Working In These Times
Injunction Blocks New NLRB Rule Requiring Bosses to Post Organizing Rights
WASHINGTON, D.C.—Today, the U.S. Court of Appeals for the District of Columbia Circuit issued an emergency injunction blocking implementation of new National Labor Relations Board (NLRB) rules that would require employers to post notices of workers’ legal rights to organize. The rules, In These Times reported on in detail here, would have gone into effect on April 30.
Previously, two separate courts had ruled, with different opinions, on whether or not the NLRB had the legal authority to issues the rules. Last month, a D.C. District Court judge ruled that the federal agency, which enforces federal labor law and mediates labor disputes, was within its legal authority to force employers to inform employees of their legal rights to organize. Judge Amy Berman Jackson, who was appointed by President Barack Obama, wrote that “The notice-posting rule is a reasonable means of promoting awareness.”
A South Carolina federal judge, however, ruled that issuing the new rules (which a majority of the agency's board members approved) was beyond the authority of the NLRB. Judge Norton, appointed by President George H.W. Bush, wrote, “The legislative history of this [National Labor Relations] Act supports a finding that Congress did not intend to impose a universal notice-posting requirement on employers, nor did it authorize the board to do so.”
The differing opinions between the two judges forced the District of Columbia Circuit court to issue the emergency injunction until an appeal of the case can be decided. Anti-union forces like the National Association of Manufacturers, which is opposed to the rule, applauded the injunction.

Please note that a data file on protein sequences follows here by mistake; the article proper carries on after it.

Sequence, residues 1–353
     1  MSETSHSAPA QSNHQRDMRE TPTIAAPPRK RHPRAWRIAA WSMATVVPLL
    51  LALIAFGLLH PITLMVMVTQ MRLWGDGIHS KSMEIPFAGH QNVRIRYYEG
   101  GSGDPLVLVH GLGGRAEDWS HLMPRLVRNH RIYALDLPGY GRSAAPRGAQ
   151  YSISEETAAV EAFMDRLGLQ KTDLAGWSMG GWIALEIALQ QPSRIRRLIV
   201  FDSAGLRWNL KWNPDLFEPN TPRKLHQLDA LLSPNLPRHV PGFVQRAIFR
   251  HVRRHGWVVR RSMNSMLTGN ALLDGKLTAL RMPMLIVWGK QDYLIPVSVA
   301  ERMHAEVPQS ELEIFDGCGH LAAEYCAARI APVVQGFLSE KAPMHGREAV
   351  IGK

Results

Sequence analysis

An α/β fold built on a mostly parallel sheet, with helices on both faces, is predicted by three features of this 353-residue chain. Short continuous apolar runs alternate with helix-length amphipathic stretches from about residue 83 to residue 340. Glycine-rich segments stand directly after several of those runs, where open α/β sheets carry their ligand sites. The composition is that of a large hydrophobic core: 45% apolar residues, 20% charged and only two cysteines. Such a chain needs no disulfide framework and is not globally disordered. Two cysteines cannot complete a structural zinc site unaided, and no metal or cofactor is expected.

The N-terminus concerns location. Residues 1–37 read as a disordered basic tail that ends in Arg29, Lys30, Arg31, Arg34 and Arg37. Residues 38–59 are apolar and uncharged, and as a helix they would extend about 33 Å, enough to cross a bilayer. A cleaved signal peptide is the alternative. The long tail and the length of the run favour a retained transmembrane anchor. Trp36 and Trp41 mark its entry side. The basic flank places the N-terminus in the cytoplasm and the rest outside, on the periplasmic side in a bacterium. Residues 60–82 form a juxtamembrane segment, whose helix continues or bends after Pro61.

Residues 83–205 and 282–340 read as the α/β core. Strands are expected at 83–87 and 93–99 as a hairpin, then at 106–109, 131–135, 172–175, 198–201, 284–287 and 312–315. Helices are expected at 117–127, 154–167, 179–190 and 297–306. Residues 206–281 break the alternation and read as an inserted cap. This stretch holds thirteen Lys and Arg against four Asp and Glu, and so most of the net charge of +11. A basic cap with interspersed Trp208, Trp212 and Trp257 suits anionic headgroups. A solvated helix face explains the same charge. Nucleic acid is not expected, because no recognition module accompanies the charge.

“The facts in this case and the law have always been on the side of manufacturers, and we believe that granting an injunction is the appropriate course of action for the court," said Jay Timmons, NAM’s president and CEO. "The ‘posting requirement’ is an unprecedented attempt by the board to assert power and authority it does not possess.”
The NLRB, though, wrote in a statement that it felt it was within its legal authority to issue the rules. NLRB Chairman Mark Gaston Pearce, who was appointed by President Obama, said of the recent decisions, “We continue to believe that requiring employers to post this notice is well within the Board’s authority, and that it provides a genuine service to employees who may not otherwise know their rights under our law.”